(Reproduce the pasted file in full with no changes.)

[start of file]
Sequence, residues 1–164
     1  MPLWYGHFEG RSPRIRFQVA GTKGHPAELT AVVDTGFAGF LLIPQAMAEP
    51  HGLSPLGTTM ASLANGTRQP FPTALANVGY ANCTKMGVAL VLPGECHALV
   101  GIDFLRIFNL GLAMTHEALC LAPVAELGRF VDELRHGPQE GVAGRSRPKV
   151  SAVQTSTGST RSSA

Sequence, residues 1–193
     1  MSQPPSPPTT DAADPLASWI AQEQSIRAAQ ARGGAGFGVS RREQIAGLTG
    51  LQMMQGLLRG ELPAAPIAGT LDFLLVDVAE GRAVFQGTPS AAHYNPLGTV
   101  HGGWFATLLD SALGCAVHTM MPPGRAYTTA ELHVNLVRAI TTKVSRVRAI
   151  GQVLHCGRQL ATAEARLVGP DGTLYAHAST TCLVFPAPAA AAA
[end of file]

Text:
Sequence, residues 1–164
     1  MPLWYGHFEG RSPRIRFQVA GTKGHPAELT AVVDTGFAGF LLIPQAMAEP
    51  HGLSPLGTTM ASLANGTRQP FPTALANVGY ANCTKMGVAL VLPGECHALV
   101  GIDFLRIFNL GLAMTHEALC LAPVAELGRF VDELRHGPQE GVAGRSRPKV
   151  SAVQTSTGST RSSA

Sequence, residues 1–193
     1  MSQPPSPPTT DAADPLASWI AQEQSIRAAQ ARGGAGFGVS RREQIAGLTG
    51  LQMMQGLLRG ELPAAPIAGT LDFLLVDVAE GRAVFQGTPS AAHYNPLGTV
   101  HGGWFATLLD SALGCAVHTM MPPGRAYTTA ELHVNLVRAI TTKVSRVRAI
   151  GQVLHCGRQL ATAEARLVGP DGTLYAHAST TCLVFPAPAA AAA